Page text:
Mind Blowin'

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For the Smooth song, see Mind Blowin' (Smooth song).
Mind Blowin'
Studio album by Vanilla Ice
Released March 22, 1994
Recorded 1992-1994
Genre Rap, funk, g-funk
Length 47:14
Label SBK
Producer Tha Hit-Men
Vanilla Ice
Vanilla Ice chronology
To the Extreme
Mind Blowin'
Hard to Swallow
Singles from Mind Blowin'
  1. "Roll 'Em Up"
    Released: February 9, 1994
  2. "The Wrath"
    Released: August 17, 1994
  3. "Get Loose"
    Released: March 27, 1995

Mind Blowin' is the second studio album by American rapper Vanilla Ice. Released on March 22, 1994, it is the rapper's final release on SBK Records. The album did not chart, and received unfavorable reviews. It has since received some degree of cult status in the hip hop community. Songs from the album made up one third of Vanilla Ice's tours during 1992-2010.

Ice followed up this album with 1998's Hard to Swallow, which involved a switch to the record label Republic Records.


In late 1991, Ice started talking about his second album, which then had the working title 'Ice Capades'. While writing and recording new songs, Ice premiered three of them in 1992 during his tours, including The Wrath, Now & Forever and Iceman Party. The original version of The Wrath was heavily changed for its album release after the departure of Ice's regular disc jockey Earthquake. The album was recorded throughout 1992 to 1994 and was eventually named 'Mind Blowin' which was a nod to Ice's rhyming skills.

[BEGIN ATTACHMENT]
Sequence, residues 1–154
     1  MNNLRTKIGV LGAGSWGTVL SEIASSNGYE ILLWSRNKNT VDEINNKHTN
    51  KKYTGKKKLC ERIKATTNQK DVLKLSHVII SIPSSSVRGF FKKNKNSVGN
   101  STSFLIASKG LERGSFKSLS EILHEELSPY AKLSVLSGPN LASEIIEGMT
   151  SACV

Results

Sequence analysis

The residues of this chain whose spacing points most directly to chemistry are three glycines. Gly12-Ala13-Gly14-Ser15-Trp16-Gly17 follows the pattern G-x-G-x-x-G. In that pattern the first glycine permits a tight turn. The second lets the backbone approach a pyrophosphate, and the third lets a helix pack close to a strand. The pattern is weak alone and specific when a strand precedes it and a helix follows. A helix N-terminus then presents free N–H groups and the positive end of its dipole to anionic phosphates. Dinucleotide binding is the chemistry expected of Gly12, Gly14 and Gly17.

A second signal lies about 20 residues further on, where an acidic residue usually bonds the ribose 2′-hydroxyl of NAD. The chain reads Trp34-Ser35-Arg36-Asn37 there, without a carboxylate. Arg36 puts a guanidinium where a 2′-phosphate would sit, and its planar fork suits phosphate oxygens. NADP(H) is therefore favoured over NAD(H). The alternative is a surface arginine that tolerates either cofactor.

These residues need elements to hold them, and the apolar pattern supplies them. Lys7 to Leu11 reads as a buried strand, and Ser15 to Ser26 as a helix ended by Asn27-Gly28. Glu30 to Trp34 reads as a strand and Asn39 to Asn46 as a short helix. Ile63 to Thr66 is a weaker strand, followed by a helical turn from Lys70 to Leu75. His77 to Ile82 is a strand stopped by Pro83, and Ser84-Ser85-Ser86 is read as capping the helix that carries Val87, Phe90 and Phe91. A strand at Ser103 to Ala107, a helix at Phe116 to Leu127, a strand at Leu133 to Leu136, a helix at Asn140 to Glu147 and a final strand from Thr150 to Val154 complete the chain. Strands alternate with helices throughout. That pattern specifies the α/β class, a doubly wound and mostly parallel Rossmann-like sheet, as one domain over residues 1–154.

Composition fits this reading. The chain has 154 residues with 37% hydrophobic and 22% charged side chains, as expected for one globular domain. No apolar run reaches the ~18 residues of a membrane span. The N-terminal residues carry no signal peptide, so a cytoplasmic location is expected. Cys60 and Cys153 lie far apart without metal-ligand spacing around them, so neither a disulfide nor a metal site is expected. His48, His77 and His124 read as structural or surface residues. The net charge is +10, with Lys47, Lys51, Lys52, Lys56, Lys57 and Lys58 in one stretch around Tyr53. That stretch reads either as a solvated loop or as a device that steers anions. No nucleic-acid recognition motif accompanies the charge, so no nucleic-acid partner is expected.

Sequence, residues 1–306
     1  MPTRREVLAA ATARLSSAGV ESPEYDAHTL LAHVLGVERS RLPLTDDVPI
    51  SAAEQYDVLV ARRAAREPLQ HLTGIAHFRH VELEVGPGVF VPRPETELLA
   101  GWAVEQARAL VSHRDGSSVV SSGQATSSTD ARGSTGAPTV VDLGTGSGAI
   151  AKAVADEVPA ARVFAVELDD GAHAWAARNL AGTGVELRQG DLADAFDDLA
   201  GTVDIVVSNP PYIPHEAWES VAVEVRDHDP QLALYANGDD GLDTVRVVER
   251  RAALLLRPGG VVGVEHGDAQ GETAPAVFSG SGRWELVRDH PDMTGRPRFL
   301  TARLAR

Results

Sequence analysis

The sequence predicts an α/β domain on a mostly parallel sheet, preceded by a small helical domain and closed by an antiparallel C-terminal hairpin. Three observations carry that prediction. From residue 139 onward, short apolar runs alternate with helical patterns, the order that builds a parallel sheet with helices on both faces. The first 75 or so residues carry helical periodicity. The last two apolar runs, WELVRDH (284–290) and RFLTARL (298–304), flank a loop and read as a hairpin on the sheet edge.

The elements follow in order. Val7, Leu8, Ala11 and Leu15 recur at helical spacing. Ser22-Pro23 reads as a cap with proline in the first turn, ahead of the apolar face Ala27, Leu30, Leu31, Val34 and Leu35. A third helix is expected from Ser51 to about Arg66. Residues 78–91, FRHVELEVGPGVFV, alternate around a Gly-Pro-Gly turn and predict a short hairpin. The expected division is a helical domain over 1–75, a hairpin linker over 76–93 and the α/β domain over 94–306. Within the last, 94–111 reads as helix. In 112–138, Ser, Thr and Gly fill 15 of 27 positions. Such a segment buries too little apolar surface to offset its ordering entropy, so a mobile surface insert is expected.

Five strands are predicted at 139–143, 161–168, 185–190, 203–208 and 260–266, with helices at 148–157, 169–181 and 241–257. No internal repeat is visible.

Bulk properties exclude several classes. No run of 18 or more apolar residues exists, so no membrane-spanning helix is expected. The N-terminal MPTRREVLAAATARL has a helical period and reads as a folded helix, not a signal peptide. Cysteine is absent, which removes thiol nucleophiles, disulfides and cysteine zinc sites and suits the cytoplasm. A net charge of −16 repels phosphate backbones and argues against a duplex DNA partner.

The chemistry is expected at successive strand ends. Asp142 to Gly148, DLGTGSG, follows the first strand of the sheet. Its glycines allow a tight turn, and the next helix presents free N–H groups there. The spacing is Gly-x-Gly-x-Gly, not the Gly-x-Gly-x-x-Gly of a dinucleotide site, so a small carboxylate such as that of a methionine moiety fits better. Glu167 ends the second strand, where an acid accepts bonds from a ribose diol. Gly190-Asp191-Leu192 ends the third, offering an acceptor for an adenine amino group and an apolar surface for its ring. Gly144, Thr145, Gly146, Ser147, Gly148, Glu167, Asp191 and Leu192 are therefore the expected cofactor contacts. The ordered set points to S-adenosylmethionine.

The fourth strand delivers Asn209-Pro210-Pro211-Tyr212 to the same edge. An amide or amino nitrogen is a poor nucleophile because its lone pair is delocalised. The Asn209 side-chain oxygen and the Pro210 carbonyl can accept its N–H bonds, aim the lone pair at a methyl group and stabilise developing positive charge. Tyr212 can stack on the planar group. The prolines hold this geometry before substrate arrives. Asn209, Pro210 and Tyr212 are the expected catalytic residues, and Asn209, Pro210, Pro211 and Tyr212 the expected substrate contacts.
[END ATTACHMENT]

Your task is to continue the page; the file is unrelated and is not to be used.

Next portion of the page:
The Wrath, one of the album's singles, was a reply to the single Pop Goes the Weasel by 3rd Bass.

Mark Wahlberg, then in the rap group Marky Mark and the Funky Bunch, had made negative remarks about Ice in one of his songs. Ice answered back in the song Hit 'em Hard which was almost in its entirety a dis song aimed at Mark, but Ice also included 3rd Bass and MC Hammer. Neither 3rd Bass nor Marky Mark and the Funky Bunch responded.[1]

A lot of the lyrics were drug influenced and featured references to smoking marijuana, especially in the single Roll 'em Up. The song I Go Down pays tribute to Gang Starr, Mary J. Blige and Tupac Shakur.


Professional ratings
Review scores
Source Rating
Allmusic 2/5 stars[2]
Entertainment Weekly (D)[3]

Reviews were unfavorable. Entertainment Weekly reviewer James Bernard called the album "more clunky than funky".[3] Rolling Stone reviewer Danyel Smith called the song "Get Loose" "snappy", writing that although the lyrics are "inane", "the song is a thumping party, one of the few places where Ice loosens up. He sounds solid at the beginning of 'The Wrath' as well [...] He sounds easy and unaffected – close to sexy. But he doesn't keep it up: In 'Now and Forever,' a wet dream kind of song, Ice goes back to goofy lyrics [...] and his dry Max Headroom style."[4] AllMusic reviewer Stephen Thomas Erlewine wrote that "There isn't a single moment that establishes a distinct musical identity, and the whole thing is rather embarrassing."[2]